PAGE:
pixel (pinterface ) wrote,

CFFI Tricks: Automatic Freeing of C Resources

Lisp finalizers, at least the ones provided by trivial-garbage, are not at first glance particularly useful.

You can't reference the object being finalized—on some lisps, the object is already gone by the time you get to the finalizer—so you can't inspect the constituent parts of an object to operate on them. Closing over the parts only works in the event an object cannot be destructively updated—since most objects in CL can be destructively updated, that would require resetting the finalizer on update. Of course, since objects can have multiple finalizers, and you can't selectively clear them, you might accidentally wipe away someone else's finalizer.

In short, finalizers are only good for unique, constant objects. Like, say, your typical usage of a foreign-pointer.

Note (added 2011.11.13): Paul Khuong has pointed out the below is a bad idea akin to trying to stick a finalizer on a fixnum. Whoops!

(defvar *ptr* (gced-foreign-alloc :int))

For this example, we're going to define a wrapper for #'FOREIGN-ALLOC which sets up the finalization of our pointer object. In your code, you'll probably bake the finalization setup into a method on #'TRANSLATE-FROM-FOREIGN which returns a pointer.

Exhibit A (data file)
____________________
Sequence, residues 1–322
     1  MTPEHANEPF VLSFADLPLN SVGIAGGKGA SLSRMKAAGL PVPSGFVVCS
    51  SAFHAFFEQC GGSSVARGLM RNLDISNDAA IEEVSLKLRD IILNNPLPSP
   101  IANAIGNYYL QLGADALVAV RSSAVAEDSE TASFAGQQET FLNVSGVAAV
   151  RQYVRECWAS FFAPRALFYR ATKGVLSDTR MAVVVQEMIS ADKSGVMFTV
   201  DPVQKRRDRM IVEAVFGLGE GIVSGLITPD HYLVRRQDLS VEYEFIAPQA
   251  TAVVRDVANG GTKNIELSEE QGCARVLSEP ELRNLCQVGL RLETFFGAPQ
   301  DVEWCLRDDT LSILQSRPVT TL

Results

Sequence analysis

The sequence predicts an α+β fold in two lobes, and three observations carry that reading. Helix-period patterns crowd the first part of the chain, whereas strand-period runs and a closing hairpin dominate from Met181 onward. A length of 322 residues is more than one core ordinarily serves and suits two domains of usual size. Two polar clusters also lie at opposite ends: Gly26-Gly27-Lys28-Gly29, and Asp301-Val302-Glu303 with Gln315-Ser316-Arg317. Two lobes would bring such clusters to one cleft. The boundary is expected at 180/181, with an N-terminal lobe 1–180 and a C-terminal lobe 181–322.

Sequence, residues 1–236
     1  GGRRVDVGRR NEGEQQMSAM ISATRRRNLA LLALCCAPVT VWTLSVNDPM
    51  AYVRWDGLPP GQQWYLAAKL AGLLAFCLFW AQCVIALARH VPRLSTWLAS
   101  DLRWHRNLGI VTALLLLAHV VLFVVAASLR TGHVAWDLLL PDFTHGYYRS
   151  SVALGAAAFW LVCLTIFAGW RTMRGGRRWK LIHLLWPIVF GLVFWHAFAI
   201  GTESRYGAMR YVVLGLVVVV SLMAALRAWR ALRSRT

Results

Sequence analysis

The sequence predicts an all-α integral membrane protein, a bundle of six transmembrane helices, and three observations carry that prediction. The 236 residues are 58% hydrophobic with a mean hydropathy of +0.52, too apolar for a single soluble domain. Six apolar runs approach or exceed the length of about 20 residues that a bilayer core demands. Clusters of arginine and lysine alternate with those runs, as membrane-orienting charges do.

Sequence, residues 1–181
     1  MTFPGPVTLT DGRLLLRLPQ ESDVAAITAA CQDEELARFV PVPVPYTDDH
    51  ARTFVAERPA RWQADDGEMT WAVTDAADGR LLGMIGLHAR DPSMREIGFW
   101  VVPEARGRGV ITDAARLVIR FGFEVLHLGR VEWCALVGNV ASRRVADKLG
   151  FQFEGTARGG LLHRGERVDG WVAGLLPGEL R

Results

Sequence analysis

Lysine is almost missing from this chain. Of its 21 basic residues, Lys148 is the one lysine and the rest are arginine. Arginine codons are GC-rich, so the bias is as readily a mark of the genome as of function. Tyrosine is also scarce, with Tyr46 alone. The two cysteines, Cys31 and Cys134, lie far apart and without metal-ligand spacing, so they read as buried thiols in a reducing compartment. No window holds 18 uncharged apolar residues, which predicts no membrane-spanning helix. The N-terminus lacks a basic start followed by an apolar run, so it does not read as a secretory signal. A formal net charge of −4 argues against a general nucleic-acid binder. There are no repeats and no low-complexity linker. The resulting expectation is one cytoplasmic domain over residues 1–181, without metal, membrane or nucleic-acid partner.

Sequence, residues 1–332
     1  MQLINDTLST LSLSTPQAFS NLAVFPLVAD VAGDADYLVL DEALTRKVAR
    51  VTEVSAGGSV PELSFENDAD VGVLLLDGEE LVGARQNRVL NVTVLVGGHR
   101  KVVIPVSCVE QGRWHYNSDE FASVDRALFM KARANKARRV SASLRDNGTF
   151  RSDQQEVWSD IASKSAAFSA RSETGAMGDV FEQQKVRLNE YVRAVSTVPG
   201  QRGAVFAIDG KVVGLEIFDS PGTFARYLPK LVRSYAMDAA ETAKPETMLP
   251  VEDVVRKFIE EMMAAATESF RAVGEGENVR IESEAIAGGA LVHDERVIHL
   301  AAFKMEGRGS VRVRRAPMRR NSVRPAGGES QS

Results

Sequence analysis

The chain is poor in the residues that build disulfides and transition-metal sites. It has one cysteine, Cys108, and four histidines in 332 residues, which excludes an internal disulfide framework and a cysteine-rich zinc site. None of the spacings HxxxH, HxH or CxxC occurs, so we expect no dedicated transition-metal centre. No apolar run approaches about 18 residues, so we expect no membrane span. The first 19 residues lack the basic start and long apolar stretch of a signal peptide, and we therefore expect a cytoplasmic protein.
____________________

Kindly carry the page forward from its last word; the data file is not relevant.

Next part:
(defun gced-foreign-alloc (type &rest rest)
  (let* ((ptr (apply #'foreign-alloc type rest))
         (addr (pointer-address ptr)))
    (tg:finalize ptr
                 (lambda ()
                   (foreign-free (make-pointer addr))))))

Because the object being finalized is not passed to the finalizer function, and because closing over it would result in keeping the pointer around indefinitely, we instead close over just enough information to recreate the pointer: the address.

That's right, we recreate the pointer in order to free it. This feels a little odd, but the restrictions on portable finalizers rather limit our options; so, we cross our fingers and hope for the best.1

If you were expecting a long entry, I'm sorry to disappoint: that's pretty much all there is to it.

(setf *ptr* nil)
(tg:gc :full t)

There are, however, some caveats to this approach.

  1. Because GC runs cannot be guaranteed to occur at any given time, the pointed-to object may be held far longer than you'd prefer.
  2. Recreating the pointer with something like (make-pointer (pointer-address *ptr*)), or even just having a #'POINTER-EQ pointer returned by a C function call, may result in multiple non-EQ objects pointing to the same memory address and too-early freeing.
  3. If the foreign side moves objects around, the address may no longer be correct once the finalizer runs.

One is only an annoyance, and three is liable to cause you problems elsewhere anyway. That second caveat is a biggie, however, and means this technique is unsafe for use when dealing with arbitrary C code—careful consideration of applicability is necessary. For example, it's useful in burgled-batteries to automatically handle decrementing reference counts on untranslatable objects, but I wouldn't use it to free() memory.

Footnotes

  1. Because finalizers operate on a specific object, so long as (eq (make-pointer x) (make-pointer x)) is NIL, there should be no issues. If it's T, some GC implementations could conceivably be tripped up, but I think that's unlikely.

Aside: Greetings Planet Lisp!

This being my first new post since I was added to Planet Lisp, here are some other, more generally applicable, CFFI Tricks you may have missed:

Tags: cffi, lisp
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